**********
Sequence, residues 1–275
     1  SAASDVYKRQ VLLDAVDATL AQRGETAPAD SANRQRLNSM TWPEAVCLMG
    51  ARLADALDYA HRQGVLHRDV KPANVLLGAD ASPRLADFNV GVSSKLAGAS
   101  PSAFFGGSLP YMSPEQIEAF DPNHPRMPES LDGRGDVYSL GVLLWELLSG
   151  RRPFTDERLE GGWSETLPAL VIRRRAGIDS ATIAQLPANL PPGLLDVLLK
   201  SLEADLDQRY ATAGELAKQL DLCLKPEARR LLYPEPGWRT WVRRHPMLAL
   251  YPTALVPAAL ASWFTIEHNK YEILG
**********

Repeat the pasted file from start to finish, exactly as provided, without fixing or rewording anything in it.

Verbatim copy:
Sequence, residues 1–275
     1  SAASDVYKRQ VLLDAVDATL AQRGETAPAD SANRQRLNSM TWPEAVCLMG
    51  ARLADALDYA HRQGVLHRDV KPANVLLGAD ASPRLADFNV GVSSKLAGAS
   101  PSAFFGGSLP YMSPEQIEAF DPNHPRMPES LDGRGDVYSL GVLLWELLSG
   151  RRPFTDERLE GGWSETLPAL VIRRRAGIDS ATIAQLPANL PPGLLDVLLK
   201  SLEADLDQRY ATAGELAKQL DLCLKPEARR LLYPEPGWRT WVRRHPMLAL
   251  YPTALVPAAL ASWFTIEHNK YEILG